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I've come up with this question and I've been playing with it for a couple weeks by now without any definite breakthrough; it seems there should be a better approach than straight naive brute force, but I haven't come up with anything conclusive yet. (The work and partial answers I have come up with, I am posting in a self-answer so as not to clutter the question.)

If you're not familiar with block design as mentioned in the title, then this Stack Overflow discussion of the game "Spot It!" is a good place to look for immediate familiarization. It's not strictly necessary to know for purposes of this question, but may be interesting for its own sake.


Consider a directed graph with 13 vertices and 52 edges, where each vertex has in-degree 4 and out-degree 4, and the edges are defined in a particular way as described below. (I'll call the vertices by uppercase letters A through M.)

In the following list, each row represents four edges; for example, the row "ABCD" represents that there are directed edges (A,B), (B,C), (C,D), (D,A).

ABCD
AEFG
AHIJ
AKLM
BEHK
BFIL
BGJM
CEIM
CFJK
CGHL
DEJL
DFHM
DGIK

(Notice that each row in the above list shares one letter and only one letter with each other row in the list. This is the connection to block design.)

The target is to maximize the number of 3-cycles (cycles of length 3) without disturbing the graph's relationship to block design.

The sequence of the four letters on each line may be changed arbitrarily to specify another similar graph, without disturbing the property that each row shares one and only one letter with each other row.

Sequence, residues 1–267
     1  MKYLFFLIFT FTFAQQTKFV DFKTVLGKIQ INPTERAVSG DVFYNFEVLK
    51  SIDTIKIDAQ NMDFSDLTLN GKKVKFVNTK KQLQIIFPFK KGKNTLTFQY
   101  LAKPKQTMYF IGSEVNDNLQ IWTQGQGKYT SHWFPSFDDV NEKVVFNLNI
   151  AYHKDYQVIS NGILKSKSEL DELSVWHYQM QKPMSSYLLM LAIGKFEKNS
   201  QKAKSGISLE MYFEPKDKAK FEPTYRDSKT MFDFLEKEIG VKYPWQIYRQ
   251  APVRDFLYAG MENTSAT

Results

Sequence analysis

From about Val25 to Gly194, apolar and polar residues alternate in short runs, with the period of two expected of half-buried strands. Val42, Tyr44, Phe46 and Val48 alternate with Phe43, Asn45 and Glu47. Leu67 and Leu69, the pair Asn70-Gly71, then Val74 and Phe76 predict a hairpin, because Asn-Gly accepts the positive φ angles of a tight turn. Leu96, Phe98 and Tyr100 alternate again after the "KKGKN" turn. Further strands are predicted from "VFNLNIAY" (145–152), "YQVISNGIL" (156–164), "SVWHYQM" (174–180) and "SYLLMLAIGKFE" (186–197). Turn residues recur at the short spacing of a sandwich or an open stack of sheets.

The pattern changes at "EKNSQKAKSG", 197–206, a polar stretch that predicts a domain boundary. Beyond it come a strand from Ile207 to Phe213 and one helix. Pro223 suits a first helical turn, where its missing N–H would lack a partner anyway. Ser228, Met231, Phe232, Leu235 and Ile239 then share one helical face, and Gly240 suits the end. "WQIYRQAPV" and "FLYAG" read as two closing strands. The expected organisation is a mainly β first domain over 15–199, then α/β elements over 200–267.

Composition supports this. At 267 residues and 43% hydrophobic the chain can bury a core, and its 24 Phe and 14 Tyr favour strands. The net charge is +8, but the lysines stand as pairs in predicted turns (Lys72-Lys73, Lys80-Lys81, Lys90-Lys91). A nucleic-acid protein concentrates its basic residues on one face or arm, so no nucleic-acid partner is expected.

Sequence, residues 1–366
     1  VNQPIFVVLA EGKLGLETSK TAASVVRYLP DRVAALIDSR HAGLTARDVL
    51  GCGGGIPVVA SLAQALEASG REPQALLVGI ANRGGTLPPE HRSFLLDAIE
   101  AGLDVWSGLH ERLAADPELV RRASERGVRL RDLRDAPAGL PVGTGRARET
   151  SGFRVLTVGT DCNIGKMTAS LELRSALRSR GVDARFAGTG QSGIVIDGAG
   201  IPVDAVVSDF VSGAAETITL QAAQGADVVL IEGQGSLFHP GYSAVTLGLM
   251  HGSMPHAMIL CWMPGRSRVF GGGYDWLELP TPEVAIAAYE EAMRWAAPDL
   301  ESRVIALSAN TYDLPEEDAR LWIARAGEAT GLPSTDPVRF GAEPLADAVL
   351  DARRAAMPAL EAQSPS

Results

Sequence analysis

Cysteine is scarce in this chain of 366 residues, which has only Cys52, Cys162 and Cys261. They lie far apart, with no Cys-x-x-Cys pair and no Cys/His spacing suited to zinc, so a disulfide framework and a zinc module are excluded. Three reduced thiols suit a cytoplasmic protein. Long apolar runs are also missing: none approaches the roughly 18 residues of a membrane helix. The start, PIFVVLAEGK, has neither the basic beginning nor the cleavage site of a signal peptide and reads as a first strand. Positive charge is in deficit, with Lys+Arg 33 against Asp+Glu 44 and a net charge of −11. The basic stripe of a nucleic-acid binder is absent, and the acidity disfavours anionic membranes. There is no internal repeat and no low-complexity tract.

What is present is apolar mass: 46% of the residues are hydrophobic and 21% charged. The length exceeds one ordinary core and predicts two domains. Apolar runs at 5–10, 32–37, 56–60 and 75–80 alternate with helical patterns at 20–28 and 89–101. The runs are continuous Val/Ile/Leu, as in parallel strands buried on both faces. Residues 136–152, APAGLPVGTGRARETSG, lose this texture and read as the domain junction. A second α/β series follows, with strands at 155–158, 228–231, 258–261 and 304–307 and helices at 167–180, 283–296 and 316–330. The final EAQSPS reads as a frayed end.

(Also note that as the vertex ending each row in the list connects to the vertex at the beginning of the row, there are 6 possible permutations per row, not 24; that is, ABCD and BCDA would be equivalent as they represent the same four edges.)


Now, the particular graph specified above has only 4 cycles of length 3; namely:

DAK
GAB
JAE
MAH

(Where DAK is shorthand for D->A, A->K, K->D.)

Here is the puzzle:

By permuting each row in the manner described, what is the maximum number of cycles of length 3 that can be achieved in the resulting graph?

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  • $\begingroup$ It looks like this question created the tag block-design. Just an FYI, there is also the tag [combinatorial-designs]; do you think these two are sufficiently different to warrant both? Or should one subsume the other/should a synonym be created? (I'm interested in designs but I don't know much; just an honest question) $\endgroup$
    – pjs36
    Jul 14 '17 at 10:50
  • $\begingroup$ @pjs36 I'd have to look into combinatorial designs to be certain, but that sounds a fairly general term. Block design is a highly precise term; see the Wikipedia article. I made the new tag deliberately, if that counts for anything, after being startled it didn't exist. $\endgroup$
    – Wildcard
    Jul 14 '17 at 10:54